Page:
The 2012 manzanilla de añada was one of the very first wines to really open my eyes to what is possible down in Jerez and Sanlucar. 11 botas set aside from a single vineyard and añada, left to age statically under flor (as long as it lasts).
The wines are a vivid expression of the effects of static biological and barrel ageing on a manzanilla. The first was a protomanzanilla, more wine than manzanilla, but since then the wines have become finer, with a deeper mineral groove. Over time the flor is losing its vigour, the cabezuelas are beginning to gather, and the wines are becoming richer and fatter. In time future releases will begin to lose that veil and will take on the toasted rust of amontillados. By then the wines will also be a vivid expression of the effects of bottle ageing (at least the ones I have managed to stash away will be).
For the time being this latest chip off the historic block is a beast of a full flavoured manzanilla. Lovely dark hay colour, a lot of haybales about and a big spikey, zingy mouthful, with bakery favours of toasted almonds and roast apple in there before a long old finish.
Cracking manzanilla in its own terms but part of something that is so much bigger. If all history tasted as good as this we would be repeating it more than twice.
Taberna Palo Cortado is an unreal place where unlikely, even impossible things are within reach. Took some colleagues there for dinner and, given free rein to show off the best of el Marco and beyond, it turned into one of those memorable dinners.
We started with champagne – not pictured – and maybe it is less well known what a nice little selection of champers is available here. This bottle was just for refreshing between courses but over the years I have had some serious and high quality bubbles. But it wasn’t long before we got stuck into the superb Andalucian wines for which Palo Cortado is famous.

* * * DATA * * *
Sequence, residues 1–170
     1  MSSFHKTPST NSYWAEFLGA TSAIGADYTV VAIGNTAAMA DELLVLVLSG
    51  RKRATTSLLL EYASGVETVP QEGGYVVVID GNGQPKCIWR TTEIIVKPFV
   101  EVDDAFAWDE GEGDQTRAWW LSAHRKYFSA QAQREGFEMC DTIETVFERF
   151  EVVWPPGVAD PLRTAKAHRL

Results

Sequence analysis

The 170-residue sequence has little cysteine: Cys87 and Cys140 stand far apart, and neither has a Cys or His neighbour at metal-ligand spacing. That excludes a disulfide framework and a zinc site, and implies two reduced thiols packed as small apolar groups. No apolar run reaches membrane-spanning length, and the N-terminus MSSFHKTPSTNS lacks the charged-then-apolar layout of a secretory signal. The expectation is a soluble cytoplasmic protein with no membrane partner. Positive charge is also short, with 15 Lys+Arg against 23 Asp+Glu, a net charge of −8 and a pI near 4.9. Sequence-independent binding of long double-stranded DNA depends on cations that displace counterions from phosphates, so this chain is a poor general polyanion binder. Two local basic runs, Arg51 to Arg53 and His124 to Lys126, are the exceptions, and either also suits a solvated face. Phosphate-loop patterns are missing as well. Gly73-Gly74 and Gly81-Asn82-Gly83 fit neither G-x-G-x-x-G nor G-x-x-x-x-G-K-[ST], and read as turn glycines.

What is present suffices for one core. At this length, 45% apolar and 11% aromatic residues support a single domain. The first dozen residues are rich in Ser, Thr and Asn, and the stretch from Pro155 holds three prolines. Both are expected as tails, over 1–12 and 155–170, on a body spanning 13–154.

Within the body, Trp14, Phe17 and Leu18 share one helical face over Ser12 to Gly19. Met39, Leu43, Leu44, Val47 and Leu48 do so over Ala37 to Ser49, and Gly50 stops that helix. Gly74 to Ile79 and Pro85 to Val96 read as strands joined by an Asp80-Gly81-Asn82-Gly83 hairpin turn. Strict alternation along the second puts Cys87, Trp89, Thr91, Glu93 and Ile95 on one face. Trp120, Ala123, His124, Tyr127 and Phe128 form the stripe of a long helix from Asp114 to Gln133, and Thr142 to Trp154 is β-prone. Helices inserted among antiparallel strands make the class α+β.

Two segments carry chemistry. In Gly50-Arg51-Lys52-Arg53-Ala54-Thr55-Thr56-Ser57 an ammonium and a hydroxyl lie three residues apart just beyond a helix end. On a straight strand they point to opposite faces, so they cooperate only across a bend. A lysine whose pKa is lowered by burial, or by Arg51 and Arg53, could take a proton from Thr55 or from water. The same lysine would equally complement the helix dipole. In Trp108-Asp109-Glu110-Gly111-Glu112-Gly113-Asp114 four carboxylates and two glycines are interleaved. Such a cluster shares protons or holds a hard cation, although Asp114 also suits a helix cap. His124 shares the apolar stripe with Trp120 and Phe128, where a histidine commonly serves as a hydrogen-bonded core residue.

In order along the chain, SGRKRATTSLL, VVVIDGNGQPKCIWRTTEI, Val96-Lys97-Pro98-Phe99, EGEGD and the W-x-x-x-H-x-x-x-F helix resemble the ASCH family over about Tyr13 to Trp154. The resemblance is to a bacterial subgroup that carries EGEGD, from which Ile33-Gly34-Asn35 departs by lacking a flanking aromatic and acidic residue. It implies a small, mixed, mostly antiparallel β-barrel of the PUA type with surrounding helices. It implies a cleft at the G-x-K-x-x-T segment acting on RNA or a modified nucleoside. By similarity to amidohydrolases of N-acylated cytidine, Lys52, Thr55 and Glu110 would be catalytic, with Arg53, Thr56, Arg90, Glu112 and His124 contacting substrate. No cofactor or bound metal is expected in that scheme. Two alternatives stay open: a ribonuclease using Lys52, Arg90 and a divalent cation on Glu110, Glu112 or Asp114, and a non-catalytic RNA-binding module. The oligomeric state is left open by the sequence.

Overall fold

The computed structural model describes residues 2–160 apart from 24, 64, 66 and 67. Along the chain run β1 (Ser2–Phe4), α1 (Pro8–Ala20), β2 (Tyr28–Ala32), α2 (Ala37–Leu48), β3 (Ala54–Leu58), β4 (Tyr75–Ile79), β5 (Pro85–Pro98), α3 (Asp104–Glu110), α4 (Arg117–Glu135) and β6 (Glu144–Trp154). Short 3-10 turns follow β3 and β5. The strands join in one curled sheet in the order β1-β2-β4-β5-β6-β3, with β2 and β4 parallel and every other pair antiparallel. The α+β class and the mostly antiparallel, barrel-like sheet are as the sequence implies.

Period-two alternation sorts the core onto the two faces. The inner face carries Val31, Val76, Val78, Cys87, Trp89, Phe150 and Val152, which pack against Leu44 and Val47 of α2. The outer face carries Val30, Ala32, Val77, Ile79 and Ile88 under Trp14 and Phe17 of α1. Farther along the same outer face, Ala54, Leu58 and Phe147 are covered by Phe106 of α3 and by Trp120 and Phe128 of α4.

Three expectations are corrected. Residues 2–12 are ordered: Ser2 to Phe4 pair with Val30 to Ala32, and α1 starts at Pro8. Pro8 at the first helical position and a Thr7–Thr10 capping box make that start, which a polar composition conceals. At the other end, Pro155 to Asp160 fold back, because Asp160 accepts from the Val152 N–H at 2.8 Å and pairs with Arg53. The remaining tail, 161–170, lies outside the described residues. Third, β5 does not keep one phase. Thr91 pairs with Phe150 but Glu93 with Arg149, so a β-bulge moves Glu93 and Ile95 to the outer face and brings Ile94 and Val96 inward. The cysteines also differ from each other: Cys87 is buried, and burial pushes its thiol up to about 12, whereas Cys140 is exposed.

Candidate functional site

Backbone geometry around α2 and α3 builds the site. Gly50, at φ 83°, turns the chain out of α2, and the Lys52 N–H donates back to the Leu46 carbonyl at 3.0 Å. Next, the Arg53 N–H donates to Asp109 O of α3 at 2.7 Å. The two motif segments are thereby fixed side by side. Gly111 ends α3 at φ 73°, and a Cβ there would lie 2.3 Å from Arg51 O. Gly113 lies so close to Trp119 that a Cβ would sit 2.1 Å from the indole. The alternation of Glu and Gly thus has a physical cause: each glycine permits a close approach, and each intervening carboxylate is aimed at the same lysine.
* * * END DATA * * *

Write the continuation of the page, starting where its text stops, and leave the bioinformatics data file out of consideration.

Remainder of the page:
We kicked off with the De la Riva Fino from Balbaina Alta – with that deep colour, deep haybale and hazelnut and fresh background – like a nut store floating on a mountain stream.
But, as I said, I was given free rein, and next up was la Barajuela Fino – 2016 – and it was the star of the night. What an awesome wine – the fruit and top register, the depth and compactness. Everyone loved it – they always do.
Tragically, it soon ran out and so we tapped an altogether more classic fino – a Panesa from October 2019 – which never let’s you down. Just class, sculpted palomino, with all its nuts in butter.
I then picked a wine slightly out of order – Encrucijado 2015 – the proto palo cortado (by now I was fully warmed up and well into an explanation of the situation pre-phyloxera), should really have come earlier. Butterscotch loveliness but so much finer and more subtle in profile than the heavy old Jerez finos.
By now we are tucking into some world class escabeches – pularda and presa ibérica – and the chosen accompaniment was the VORS Amontillado by Bodegas Tradicion. What a class wine – fine, fragrant, flavourful and elegant. One of the very best in its category.
And then callos, garbanzos, and the absolutely epic oloroso De La Riva. Not a lot to say about this absolutely sensational oloroso, except that it struck me as wonderfully elegant for all its rusty nail and acidity.
By this stage of dinner the intellectual discourse has become fragmented and there is a sense that the battle is won. I cannot remember what we had for dessert, but we accompanied it with a regal old 1955 pedro ximenez from Toro Albala, before a glass of the top class Tradicion brandy to cap off the night.
A fantastic dinner with a fair bit of laughter and a range of wines you can only find in one place in Madrid. Many thanks to Paqui and the team and the less said about Thursday morning the better …